“When we were there, during a certain time of the day we had to answer the phone ‘Biagi Brothers’,” said Stacey Biagi. “We’re not going to lie to you. They don’t know anything else.”

Eventually the brothers bought two more trucks and hired a driver.

Customers back then included Asante Sparkling Mineral Water in Napa, and Clover Stornetta Farms in Sonoma, but their biggest customer was Beringer Vineyards, for whom they were trucking the overflow and managing its warehouse in Benicia. Beringer had eight or so trucks, and in 1976 the winery decided to quit trucking and concentrate on winemaking. It offered the Biagi’s the opportunity to purchase its trucks and to hire its drivers. The two went from owning three to 11 trucks pretty much overnight, and that changed everything.

Biagi Bros.

787 Airpark Road, Napa, CA 94558

707-251-9990

biagibros.com

Founded: 1977

Employees: 600-plus

Fleet: 270 tractors, 750 trailers and 28 food-grade insulated and noninsulated tankers

Warehousing: 3.5 million square feet

Distribution centers: 20

Fred Sr. eventually retired, then went to work for his sons. He was instrumental in running the secondary production.

“He thought that would really take them to another level in warehousing to have that secondary area,” said Stacey Biagi.

One of their first customers as a warehouser was Anheuser-Busch, which came about by default when the beer giant bought Asante. When the beer giant got into the metal can business, the Biagis started warehousing the cans nation-wide.

“That’s when we really got into the warehouse business. There were billions of cans,” Greg Biagi said.

The company is not without challenges. The biggest is keeping up with California’s emissions laws, the toughest in the nation, according to the California Environmental Protection Agency’s Air Resources Board.

By Jan.1, 2023, nearly all trucks and buses will need to have 2010 model year engines or equivalent.

Over the last five years, the company has replaced nearly all trucks.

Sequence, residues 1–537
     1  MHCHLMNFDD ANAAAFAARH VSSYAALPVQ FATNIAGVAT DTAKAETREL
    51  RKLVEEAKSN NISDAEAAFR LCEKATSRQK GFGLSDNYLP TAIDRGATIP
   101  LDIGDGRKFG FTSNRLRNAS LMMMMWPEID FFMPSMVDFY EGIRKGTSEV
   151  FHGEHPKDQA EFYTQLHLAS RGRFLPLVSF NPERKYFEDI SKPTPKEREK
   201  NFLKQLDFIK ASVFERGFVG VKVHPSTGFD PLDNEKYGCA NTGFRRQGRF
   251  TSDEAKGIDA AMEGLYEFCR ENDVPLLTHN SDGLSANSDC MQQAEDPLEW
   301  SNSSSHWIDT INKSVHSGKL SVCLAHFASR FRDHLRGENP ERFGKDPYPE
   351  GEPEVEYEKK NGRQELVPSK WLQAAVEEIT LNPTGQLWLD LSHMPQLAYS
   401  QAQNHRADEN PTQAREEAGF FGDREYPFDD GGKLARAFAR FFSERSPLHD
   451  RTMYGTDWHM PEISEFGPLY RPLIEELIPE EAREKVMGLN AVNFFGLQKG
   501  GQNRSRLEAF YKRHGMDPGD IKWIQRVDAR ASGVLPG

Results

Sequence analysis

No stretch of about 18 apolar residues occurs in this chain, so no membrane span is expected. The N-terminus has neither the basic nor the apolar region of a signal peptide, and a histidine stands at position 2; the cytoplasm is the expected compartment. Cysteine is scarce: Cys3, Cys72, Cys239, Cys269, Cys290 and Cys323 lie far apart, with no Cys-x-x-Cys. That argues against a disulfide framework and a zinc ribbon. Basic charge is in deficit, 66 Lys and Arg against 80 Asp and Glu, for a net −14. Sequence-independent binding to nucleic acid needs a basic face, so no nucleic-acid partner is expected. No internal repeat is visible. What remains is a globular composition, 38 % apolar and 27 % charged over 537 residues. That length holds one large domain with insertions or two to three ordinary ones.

Being hit hard with the ever-changing emissions laws on big trucks has had an affect on the trucking business in the state.

“It’s kind of a dying thing in California,” Stacey Biagi said. “You can’t have a truck older than 2007, which isn’t old. Guys keep their trucks for millions of miles.”

Older trucks are also not allowed across state lines unless they pass emission tests. Carriers get around that by dropping trailers for example in Reno, and California carriers come and pick them up.

Another challenge these days is finding enough drivers, especially in Napa and Sonoma counties.

While the automatic transmission trucks are easier to drive, the high cost of living in Napa and Sonoma is a detriment.

“It’s hard to live in Napa and Sonoma and become a truck driver,” Greg Biagi said.

The Biagi’s have donated a truck to Santa Rosa Junior College’s commercial truck driving program, in an effort to alleviate the shortage.

Greg Biagi stopped driving truck in about 1986 and still misses it. Every now and then he will get behind the wheel, although he isn’t all that fond of the new trucks.

“They’re automatic. After you drove stick shift all those years… Its way easier to drive, however, and they’re better trucks,” he said.

Cynthia Sweeney covers health care, hospitality, residential real estate, education, employment and business insurance. Reach her at Cynthia.Sweeney@busjrnl.com or call 707-521-4259.